By avoiding these mistakes, we can make our trading much more secure, but we cannot completely avoid all risks, which are still higher than other types of investments, enough to convince many to stay far away. So why would anyone get in? For me, there’s only one reason, following the leading of the Holy Spirit.
After reading many great testimonies of profits made by other Z3ers trading crypto currencies, I held off on it until I received the go ahead from God about two weeks ago. Regardless of the risks and the increased persecution from other so-called Christians, there’s no safer place than right in the middle of His will, following His leading, doing what He instructs. I don’t expect to lose my coins, but if I do, I’ll take comfort in knowing I was on the path He chose for me. I don’t look at it as putting my life at risk, just putting it more completely in His hands, right where I want to be. Like the song says,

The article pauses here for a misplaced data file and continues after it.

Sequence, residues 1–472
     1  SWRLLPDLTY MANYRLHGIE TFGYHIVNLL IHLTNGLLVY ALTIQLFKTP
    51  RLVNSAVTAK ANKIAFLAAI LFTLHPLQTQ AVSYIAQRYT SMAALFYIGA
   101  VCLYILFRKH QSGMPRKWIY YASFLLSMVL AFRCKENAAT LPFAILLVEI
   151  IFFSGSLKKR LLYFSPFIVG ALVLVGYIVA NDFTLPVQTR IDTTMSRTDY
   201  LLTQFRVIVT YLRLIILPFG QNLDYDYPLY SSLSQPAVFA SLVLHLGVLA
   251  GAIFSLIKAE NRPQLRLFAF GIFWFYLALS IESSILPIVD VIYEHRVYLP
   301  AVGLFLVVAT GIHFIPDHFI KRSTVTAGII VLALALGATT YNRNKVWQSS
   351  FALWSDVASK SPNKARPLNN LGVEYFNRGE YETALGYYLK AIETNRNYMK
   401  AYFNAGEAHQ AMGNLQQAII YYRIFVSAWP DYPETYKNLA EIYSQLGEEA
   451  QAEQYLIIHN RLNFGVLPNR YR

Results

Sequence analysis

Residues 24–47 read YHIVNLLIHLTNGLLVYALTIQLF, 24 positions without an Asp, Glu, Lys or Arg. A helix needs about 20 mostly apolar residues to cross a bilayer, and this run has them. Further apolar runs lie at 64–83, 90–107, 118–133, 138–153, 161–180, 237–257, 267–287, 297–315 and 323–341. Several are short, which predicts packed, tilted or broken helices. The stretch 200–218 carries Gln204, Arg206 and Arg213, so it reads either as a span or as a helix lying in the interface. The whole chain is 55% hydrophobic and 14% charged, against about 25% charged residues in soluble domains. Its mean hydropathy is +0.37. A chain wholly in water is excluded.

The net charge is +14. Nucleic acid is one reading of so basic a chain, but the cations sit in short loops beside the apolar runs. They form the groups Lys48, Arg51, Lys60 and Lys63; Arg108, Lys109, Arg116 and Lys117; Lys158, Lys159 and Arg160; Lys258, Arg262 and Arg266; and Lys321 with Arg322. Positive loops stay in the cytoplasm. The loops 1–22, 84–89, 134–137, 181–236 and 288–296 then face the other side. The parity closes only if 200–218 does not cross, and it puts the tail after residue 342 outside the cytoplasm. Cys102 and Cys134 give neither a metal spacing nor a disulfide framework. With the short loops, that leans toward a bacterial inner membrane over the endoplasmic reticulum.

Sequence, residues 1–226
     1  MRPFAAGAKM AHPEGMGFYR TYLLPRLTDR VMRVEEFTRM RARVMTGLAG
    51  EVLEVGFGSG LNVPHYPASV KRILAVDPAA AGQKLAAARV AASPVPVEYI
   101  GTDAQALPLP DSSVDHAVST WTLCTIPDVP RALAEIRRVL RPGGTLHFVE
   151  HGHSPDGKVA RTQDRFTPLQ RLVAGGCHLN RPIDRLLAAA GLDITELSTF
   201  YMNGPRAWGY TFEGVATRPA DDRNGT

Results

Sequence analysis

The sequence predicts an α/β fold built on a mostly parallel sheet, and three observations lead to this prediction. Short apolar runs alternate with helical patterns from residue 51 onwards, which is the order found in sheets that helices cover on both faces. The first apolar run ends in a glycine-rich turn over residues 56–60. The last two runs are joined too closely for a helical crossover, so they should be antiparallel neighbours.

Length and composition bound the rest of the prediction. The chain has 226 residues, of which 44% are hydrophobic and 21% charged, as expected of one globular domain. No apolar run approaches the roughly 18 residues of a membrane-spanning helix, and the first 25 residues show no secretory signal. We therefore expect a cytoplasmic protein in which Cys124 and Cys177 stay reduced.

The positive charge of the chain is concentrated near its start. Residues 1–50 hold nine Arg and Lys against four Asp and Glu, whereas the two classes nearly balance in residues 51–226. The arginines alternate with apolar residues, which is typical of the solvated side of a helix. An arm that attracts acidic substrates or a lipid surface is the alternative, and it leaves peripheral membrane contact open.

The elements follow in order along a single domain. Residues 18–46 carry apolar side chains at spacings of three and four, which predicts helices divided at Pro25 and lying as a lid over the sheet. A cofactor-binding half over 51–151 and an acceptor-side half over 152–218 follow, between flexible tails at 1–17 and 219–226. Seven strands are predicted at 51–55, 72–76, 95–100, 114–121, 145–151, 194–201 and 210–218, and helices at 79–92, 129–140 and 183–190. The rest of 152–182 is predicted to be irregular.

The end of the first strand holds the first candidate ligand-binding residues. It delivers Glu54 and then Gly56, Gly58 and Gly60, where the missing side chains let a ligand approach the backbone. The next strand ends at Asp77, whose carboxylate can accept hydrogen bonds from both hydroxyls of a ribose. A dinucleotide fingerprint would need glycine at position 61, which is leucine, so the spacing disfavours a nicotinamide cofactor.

Have thine own way Lord, have thine own way.
Thou art the potter, I am the clay.
Thanks to Z3er Sonia for sharing the links to the Cryptopia forum comments.
Author: James Bailey
James Bailey is a blogger, business owner, husband and father of two grown children. In 1982, he surrendered his life to the Lord Jesus Christ. In 2012, he founded Z3news.com to broadcast the message of salvation by reporting end time news before it happens.